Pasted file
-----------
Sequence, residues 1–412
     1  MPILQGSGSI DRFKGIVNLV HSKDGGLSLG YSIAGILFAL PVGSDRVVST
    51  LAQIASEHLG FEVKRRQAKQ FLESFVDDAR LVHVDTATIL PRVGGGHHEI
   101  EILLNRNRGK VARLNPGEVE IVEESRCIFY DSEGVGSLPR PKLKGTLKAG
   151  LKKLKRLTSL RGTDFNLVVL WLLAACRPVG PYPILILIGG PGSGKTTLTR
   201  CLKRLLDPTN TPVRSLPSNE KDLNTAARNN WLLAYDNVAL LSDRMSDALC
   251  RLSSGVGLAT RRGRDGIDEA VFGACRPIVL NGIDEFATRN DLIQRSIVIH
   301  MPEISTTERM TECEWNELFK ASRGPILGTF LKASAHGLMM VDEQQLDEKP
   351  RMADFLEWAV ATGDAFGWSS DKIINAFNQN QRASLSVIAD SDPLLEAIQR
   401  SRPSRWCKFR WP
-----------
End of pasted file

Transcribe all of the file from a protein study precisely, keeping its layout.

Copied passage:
Sequence, residues 1–412
     1  MPILQGSGSI DRFKGIVNLV HSKDGGLSLG YSIAGILFAL PVGSDRVVST
    51  LAQIASEHLG FEVKRRQAKQ FLESFVDDAR LVHVDTATIL PRVGGGHHEI
   101  EILLNRNRGK VARLNPGEVE IVEESRCIFY DSEGVGSLPR PKLKGTLKAG
   151  LKKLKRLTSL RGTDFNLVVL WLLAACRPVG PYPILILIGG PGSGKTTLTR
   201  CLKRLLDPTN TPVRSLPSNE KDLNTAARNN WLLAYDNVAL LSDRMSDALC
   251  RLSSGVGLAT RRGRDGIDEA VFGACRPIVL NGIDEFATRN DLIQRSIVIH
   301  MPEISTTERM TECEWNELFK ASRGPILGTF LKASAHGLMM VDEQQLDEKP
   351  RMADFLEWAV ATGDAFGWSS DKIINAFNQN QRASLSVIAD SDPLLEAIQR
   401  SRPSRWCKFR WP